Mrittunjoy Majumdar A network of eight radio telescopes spanning locations in various continents, from Antarctica to Europe and South America, called the Event Horizon Telescope (EHT) has captured the first image of a black hole ever. In a project that involved more than 200 scientists, the latest achievement of the team marks a milestone in the study of the enigma that black holes are. Einstein’s general relativity first laid the theoretical groundwork for predicting the existence of black
BlueSci presents three perspectives on how scientists have expanded our understanding of science using the greatest laboratory of all – planet Earth. We begin with a piece by Bryony Yates, on using Earth’s biosphere in the study of life. HUMANS HAVE LONG been fascinated with the natural world, as pre-historic paintings of plants and animals so beautifully illustrate. We can trace formal scientific study back to Ancient Greek philosophers, with
Mrittunjoy Guha Majumdar talks Bohmian mechanics, the ‘causal interpretation’ of the strange world of quantum mechanics. Fluid droplets bounce when placed on the surface of a vibrating fluidic bath. A student working at the Matter and Complex Systems Laboratory, National Centre for Scientific Research (CNRS) in France discovered this using oil droplets and an oil bath in 2005. The bouncing of the droplets seemed to be guided by an unseen
Maeve Madigan discusses how and why we can leverage Antarctic ice to find some of the most elusive particles in the known Universe.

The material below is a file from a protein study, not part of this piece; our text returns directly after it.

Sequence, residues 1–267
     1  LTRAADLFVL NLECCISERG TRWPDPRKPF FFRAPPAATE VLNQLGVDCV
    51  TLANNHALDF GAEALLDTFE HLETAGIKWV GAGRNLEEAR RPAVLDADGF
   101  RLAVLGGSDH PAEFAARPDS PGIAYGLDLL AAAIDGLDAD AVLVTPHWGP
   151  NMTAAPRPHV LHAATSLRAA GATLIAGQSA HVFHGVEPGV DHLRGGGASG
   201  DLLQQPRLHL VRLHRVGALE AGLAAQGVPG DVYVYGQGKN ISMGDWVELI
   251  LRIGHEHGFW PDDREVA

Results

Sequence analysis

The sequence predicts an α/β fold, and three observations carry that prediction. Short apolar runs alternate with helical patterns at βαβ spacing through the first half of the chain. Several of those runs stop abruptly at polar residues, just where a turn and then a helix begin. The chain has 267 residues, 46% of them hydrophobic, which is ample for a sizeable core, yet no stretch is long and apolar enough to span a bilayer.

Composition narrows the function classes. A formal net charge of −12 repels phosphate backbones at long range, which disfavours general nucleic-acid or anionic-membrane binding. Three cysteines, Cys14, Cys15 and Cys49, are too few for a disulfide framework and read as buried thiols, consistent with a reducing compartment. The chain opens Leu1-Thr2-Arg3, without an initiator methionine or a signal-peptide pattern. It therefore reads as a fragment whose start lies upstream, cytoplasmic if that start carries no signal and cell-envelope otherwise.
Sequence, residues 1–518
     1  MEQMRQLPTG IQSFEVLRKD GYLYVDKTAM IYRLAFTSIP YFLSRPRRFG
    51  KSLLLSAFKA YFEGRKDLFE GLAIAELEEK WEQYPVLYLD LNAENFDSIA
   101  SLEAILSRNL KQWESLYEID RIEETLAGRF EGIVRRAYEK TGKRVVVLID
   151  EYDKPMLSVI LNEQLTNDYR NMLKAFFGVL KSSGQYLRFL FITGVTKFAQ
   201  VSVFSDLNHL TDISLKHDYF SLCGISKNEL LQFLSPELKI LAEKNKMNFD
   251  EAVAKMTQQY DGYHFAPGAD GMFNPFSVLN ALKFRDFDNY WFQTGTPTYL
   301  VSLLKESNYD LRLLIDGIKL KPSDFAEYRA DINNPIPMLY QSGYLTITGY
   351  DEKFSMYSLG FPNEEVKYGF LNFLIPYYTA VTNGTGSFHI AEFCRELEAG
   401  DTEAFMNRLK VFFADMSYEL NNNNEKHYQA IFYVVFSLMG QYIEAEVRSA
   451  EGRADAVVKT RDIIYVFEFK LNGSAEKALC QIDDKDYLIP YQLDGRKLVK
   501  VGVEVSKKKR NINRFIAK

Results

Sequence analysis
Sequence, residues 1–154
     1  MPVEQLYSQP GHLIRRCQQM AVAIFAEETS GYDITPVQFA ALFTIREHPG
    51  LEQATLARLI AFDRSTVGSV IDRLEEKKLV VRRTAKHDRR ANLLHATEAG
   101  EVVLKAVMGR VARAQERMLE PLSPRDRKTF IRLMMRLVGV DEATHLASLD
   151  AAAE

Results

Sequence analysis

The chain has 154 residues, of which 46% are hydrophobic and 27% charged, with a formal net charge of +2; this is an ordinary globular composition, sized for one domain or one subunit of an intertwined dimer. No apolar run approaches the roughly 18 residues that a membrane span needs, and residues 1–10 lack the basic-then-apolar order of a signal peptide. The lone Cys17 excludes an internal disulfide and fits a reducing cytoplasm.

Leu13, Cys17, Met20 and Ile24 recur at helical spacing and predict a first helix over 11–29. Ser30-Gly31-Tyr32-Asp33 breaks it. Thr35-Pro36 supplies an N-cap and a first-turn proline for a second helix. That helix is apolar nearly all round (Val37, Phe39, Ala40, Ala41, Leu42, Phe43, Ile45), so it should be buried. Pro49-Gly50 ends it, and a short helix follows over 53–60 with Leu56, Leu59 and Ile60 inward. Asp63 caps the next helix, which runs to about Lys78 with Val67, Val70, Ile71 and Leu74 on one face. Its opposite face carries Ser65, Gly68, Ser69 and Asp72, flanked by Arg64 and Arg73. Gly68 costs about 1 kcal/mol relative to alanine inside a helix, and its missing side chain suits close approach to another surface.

James Macdonald describes designing a system to control video games with lasers. Each year over 1000 visitors pass through the main doors of the Institute for Manufacturing for the Cambridge Science Festival; around 300 laser-engineers-of‑the-future make it into the laboratories of the Centre for Industrial Photonics. Among the many exhibits was the laser video game controller developed by the MRes Ultra Precision CDT (Centre for Doctoral Training) students. In this
In Search of Quantum Gravity Gianamar Giovannetti-Singh explores the holographic universe Modern fundamental physics consists of two major pillars; general relativity, describing the interactions between matter and spacetime at the largest scales imaginable, and quantum mechanics, the physics governing the behaviour of subatomic particles. Despite each respective theory being tested to an extraordinary degree of accuracy, they are fundamentally incompatible with each other – general relativity predicts continuous spacetime as